Physics Solution Manual for 1100 and 2101

Solution the magnitude of the lifting force is 200

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Unformatted text preview: 112 m ) ( 9.80 m/s 2 ) ( 0.34 ) = 19 m/s b. Similarly, the largest speed is vmax = (165 m ) ( 9.80 m/s 2 ) ( 0.34 ) = 23 m/s v2 (Equation 5.4) determines the banking angle θ that rg a banked curve of radius r must have if a car is to travel around it at a speed v without relying on friction. In this expression g is the magnitude of the acceleration due to gravity. We will solve for v and apply the result to each curve. The fact that the radius of each curve is the same will allow us to determine the unknown speed. 26. REASONING The relation tan θ = SOLUTION According to Equation 5.4, we have tan θ = v2 rg or v = r g tan θ Applying this result for the speed to each curve gives vA = r g tan θ A and vB = r g tan θ B Note that the terms r and g are the same for each curve. Therefore, these terms are eliminated algebraically when we divide the two equations. We find, then, that vB vA = r g tan θ B r g tan θ A = tan θ B tan θ A or vB = vA tan θ B tan θ A = (18 m/s ) tan19° = 22 m/s tan13° 27. REASONING From the discussion on banked curves in Section 5.4, we know that a car can safely round a banked curve without the aid of static friction if the angle θ of the banked 2 curve is given by tan θ = v0 / ( r g ) , where vo is the speed of the car and r is the radius of the curve (see Equation 5.4). The maximum speed that a car can have when rounding an unbanked curve is v0 = µs g r (see Example 7). By combining these two relations, we can find the angle θ. 258 DYNAMICS OF UNIFORM CIRCULAR MOTION 2 SOLUTION The angle of the banked curve is θ = tan −1 v0 / ( r g ) . Substituting the expression v0 = µs g r into this equation gives 2 v0 µ gr θ = tan = tan −1 s = tan −1 ( µs ) = tan −1 ( 0.81) = 39° rg rg ______________________________________________________________________________ −1 28. REASONING The lifting force L is perpendicular to the jet’s wings. When the jet banks at an angle θ above the horizontal, therefore, the lifting force tilts an angle θ from the vertical (see the free-body diagram). Because the jet has no vertical acceleration during the horizontal turn, the upward vertical component L cos θ of the lifting force balances the jet’s weight: L cos θ = mg, where m is the jet’s mass and g is the acceleration due to gravity. Therefore, the magnitude of the lifting force is L = mg cos θ . L sin θ L θ L cos θ mg At this point we know m and g, but not the banking angle θ. Since the jet follows a horizontal circle, the centripetal force must be Free-body diagram horizontal. The only horizontal force acting on the jet is the horizontal component L sin θ of the lifting force, so this must be the centripetal force. The situation is completely analogous to that of a car driving around a banked curve without the assistance of friction. The relation tan θ = v 2 ( rg ) (Equation 5.4), therefore, expresses the relationship between the jet’s unknown banking angle θ, its speed v, the radius r of the turn, and g, all of which are known. SOLUTION The magnitude of the lifting force is ( )( 2.00 × 105 kg 9.80 m/s2 mg L= = cos θ cos θ ) Solving the relation tan θ = v 2 ( rg ) (Equation 5.4) for the angle θ, we obtain (123 m/s )2 −1 θ = tan = tan ( 3810 m ) 9.80 m/s2 rg −1 v 2 ( ) = 22.1o Substituting this value for θ into Equation (1) for the lifting force gives ( )( ) 2.00 × 105 kg 9.80 m/s2 mg L= = = 2.12 × 106 N cos θ cos 22.1° (1) Chapter 5 Problems 29. REASONING The distance d is related to the radius r of the circle on which the car travels by d = r/sin 50.0° (see the drawing). FN 50.0° r 259 +y Car +x We can obtain the radius by noting mg d that the car experiences a centripetal 50.0° force that is directed toward the center of the circular path. This 40.0° force is provided by the component, FN cos 50.0°, of the normal force that is parallel to the radius. Setting this force equal to the mass m of the car times the centripetal acceleration ( ac = v 2 / r ) gives FN cos 50.0° = mac = mv 2 / r . Solving for the radius r and substituting it into the relation d = r/sin 50.0° gives r d= = sin 50.0° mv 2 FN cos 50.0° sin 50.0° mv 2 = ( FN cos 50.0°) ( sin 50.0°) (1) The magnitude FN of the normal force can be obtained by observing that the car has no vertical acceleration, so the net force in the vertical direction must be zero, ∑ Fy = 0 . The net force consists of the upward vertical component of the normal force and the downward weight of the car. The vertical component of the normal force is +FN sin 50.0°, and the weight is −mg, where we have chosen the “up” direction as the + direction. Thus, we have that (2) + FN sin 50.0° − mg = 0 1444 2444 3 ∑ Fy Solving this equation for FN and substituting it into the equation above will yield the distance d. SOLUTION Solving Equation (2) for FN and substituting the result into Equation (1) gives d= mv 2 mv 2 = ( FN cos 50.0°) ( sin 50.0°) mg ( cos 50.0°)( sin 50.0°) sin 50.0° ( 34.0 m/s ) v2 = = = 18...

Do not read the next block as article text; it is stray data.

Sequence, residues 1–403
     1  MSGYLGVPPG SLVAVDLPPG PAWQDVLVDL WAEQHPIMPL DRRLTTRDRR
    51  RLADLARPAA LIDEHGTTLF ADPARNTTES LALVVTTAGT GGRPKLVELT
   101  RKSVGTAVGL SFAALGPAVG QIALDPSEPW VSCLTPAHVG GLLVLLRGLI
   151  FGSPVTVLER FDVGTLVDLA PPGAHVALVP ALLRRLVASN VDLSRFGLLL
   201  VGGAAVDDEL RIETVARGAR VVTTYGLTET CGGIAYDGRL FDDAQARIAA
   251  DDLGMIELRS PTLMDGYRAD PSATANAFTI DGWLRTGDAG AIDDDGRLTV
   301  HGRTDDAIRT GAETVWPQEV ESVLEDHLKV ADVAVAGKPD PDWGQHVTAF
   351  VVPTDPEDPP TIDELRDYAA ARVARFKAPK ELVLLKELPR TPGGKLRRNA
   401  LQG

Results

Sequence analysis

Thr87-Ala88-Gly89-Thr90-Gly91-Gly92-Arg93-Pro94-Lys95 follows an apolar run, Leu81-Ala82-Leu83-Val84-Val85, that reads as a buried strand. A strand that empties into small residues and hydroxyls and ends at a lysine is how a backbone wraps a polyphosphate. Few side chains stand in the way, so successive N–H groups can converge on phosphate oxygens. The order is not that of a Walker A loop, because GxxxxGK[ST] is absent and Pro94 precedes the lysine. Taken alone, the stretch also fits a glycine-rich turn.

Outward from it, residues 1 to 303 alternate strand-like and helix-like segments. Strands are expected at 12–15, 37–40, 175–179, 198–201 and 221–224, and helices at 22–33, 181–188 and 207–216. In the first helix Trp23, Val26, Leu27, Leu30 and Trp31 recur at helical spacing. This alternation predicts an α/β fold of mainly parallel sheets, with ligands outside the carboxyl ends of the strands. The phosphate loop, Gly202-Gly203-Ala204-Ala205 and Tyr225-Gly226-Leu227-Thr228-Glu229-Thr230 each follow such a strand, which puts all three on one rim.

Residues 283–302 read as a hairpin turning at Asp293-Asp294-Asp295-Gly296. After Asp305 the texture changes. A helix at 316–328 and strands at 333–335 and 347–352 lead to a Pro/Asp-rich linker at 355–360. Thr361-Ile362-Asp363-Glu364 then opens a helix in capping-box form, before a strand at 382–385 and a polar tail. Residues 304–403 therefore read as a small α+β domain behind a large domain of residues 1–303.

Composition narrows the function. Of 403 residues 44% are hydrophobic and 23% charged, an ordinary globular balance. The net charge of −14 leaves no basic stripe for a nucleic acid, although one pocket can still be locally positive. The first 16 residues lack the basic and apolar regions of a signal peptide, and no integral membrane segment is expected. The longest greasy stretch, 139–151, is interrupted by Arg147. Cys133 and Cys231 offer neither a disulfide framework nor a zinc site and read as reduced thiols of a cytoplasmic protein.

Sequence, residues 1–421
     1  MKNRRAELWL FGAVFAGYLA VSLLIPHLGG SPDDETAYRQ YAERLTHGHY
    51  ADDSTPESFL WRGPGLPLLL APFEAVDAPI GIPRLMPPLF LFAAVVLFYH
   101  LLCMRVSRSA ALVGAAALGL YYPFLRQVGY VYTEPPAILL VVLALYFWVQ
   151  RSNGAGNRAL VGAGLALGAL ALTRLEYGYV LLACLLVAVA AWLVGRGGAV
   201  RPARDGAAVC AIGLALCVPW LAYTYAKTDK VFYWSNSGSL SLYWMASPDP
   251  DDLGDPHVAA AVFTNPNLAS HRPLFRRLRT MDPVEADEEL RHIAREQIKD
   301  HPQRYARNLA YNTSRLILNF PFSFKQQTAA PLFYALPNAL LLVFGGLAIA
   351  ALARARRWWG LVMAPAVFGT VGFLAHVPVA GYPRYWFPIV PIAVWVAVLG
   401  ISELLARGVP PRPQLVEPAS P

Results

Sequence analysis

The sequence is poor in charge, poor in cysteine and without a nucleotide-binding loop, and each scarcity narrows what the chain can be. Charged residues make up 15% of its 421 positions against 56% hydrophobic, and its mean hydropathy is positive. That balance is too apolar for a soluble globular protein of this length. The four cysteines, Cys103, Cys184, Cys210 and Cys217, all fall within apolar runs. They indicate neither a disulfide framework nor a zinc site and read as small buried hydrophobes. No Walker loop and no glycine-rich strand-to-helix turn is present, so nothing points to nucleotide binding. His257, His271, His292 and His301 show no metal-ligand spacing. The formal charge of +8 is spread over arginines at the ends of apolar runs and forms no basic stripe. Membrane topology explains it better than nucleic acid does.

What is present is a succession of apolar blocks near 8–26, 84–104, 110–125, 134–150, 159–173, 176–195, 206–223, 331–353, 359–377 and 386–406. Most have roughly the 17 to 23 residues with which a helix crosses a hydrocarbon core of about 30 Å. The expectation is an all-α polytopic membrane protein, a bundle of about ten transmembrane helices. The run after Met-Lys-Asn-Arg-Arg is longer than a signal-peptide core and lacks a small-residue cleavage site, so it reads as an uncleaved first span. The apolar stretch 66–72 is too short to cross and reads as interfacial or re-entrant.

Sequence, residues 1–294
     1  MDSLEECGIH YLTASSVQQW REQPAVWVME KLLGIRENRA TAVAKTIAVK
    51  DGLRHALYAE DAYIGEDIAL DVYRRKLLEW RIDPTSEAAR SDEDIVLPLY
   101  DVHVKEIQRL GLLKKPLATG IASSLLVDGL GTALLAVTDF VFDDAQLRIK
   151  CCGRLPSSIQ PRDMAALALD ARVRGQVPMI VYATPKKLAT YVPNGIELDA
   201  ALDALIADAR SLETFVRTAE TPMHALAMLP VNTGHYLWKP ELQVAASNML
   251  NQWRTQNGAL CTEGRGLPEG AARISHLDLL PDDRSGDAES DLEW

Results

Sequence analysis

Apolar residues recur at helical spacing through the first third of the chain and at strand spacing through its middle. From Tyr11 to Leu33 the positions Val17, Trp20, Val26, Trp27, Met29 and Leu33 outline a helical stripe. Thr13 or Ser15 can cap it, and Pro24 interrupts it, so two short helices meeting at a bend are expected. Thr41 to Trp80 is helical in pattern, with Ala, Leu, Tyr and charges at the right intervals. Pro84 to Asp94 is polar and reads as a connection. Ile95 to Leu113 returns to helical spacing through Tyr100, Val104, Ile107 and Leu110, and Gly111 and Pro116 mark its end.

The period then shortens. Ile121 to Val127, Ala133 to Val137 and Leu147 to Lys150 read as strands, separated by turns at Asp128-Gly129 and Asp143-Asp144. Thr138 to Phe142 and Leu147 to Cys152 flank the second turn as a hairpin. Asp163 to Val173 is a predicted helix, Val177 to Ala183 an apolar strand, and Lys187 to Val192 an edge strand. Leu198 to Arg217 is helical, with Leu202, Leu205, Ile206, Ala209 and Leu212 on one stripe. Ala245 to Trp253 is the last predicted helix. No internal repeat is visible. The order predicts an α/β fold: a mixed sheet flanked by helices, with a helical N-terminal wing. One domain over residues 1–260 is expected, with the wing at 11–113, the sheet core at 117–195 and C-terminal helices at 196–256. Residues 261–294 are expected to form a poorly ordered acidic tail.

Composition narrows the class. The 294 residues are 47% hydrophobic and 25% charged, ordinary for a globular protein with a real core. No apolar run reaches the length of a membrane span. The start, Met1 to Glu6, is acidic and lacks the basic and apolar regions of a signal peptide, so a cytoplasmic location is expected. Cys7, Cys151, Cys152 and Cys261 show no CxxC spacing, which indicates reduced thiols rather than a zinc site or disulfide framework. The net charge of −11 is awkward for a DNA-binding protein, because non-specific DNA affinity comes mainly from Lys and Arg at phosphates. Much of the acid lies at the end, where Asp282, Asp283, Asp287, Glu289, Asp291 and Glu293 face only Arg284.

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This note was uploaded on 04/30/2013 for the course PHYS 1100 and 2 taught by Professor Chastain during the Spring '13 term at LSU.

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